Measuring marine biodiversity with “environmental DNA” could allow rapid assessments of changes in marine life, making it a critical tool for managing our response to climate change. But eDNA only works well if key implementation steps are followed, according to a new study of the Los Angeles and Long Beach area published in the journal “PeerJ.”
“What do we need to know to use eDNA in the coastal ocean, and can we make it work well in an important urban setting? Those are the questions that motivated us to launch this study,” said Regina Wetzer, curator and director of the marine biodiversity center at the Natural History Museum of Los Angeles County.
eDNA uses genetic sequencing of samples from the environment (in this case, ocean water) to inventory biodiversity. “There are genes that differ enough between species that can be used as identification markers. Every organism sheds DNA by dropping skin cells or other materials, so we can take a cup of seawater, sequence the DNA in it, and use that to inventory organisms in the area,” said Zack Gold, lead author of the study.
The Port of Los Angeles and the Port of Long Beach form one of the largest port complexes in the world and are a site of intense environmental interest. That made it an interesting site to test eDNA’s ability to act as an effective tool for biodiversity assessment.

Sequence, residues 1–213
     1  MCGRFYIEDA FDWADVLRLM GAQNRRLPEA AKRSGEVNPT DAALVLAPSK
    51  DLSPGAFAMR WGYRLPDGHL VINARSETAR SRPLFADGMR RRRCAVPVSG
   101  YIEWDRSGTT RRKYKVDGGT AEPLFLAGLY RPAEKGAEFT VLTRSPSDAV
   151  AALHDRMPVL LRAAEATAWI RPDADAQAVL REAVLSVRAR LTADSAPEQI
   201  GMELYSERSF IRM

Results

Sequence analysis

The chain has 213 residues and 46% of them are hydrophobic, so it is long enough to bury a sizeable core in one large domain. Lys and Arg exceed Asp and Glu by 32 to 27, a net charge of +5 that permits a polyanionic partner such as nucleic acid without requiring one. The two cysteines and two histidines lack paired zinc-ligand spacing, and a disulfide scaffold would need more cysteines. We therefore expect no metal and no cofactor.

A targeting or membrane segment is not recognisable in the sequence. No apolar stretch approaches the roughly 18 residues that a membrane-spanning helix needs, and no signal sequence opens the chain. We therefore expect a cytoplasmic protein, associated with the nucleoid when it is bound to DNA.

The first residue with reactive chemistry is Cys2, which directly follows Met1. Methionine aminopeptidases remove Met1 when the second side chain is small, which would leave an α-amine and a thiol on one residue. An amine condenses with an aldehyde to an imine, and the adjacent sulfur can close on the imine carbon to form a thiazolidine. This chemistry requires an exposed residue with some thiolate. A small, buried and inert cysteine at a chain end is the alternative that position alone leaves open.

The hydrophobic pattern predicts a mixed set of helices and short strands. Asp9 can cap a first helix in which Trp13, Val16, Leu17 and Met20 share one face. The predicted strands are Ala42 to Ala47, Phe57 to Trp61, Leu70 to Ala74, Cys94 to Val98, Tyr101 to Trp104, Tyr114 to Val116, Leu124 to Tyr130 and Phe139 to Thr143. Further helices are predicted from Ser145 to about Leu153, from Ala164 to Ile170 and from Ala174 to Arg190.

The study paired eDNA sampling and conventional ship-based trawl net sampling at seven sites in the port complex. eDNA detected nearly all of the 17 species of fish found in the trawls, but also detected an additional 55 native fish species. Detecting those additional species through conventional sampling requires many more sampling trips and at a high cost.
“We were happy to see eDNA validated alongside ‘conventional’ sampling, but we were really excited to see the extra information that came from the eDNA,” said Dean Pentcheff, researcher and program manager of the Diversity Initiative for the Southern California Ocean at NHM.
Based on this pilot project, the authors assembled a set of recommendations for managers considering eDNA as a tool for biodiversity assessments. The recommendations cover careful selection of the identifying genes and specific advice on how to clean up the sequence data from eDNA samples before searching for sequence matches.
“These samples of the environment are like time capsules that we’ll be able to exploit in the future,” said Adam Wall, Crustacea Collections manager at NHM.
Co-authors on this study include researchers from a broad suite of institutions, and it was supported by funding from the Port of Los Angeles and the Port of Long Beach.
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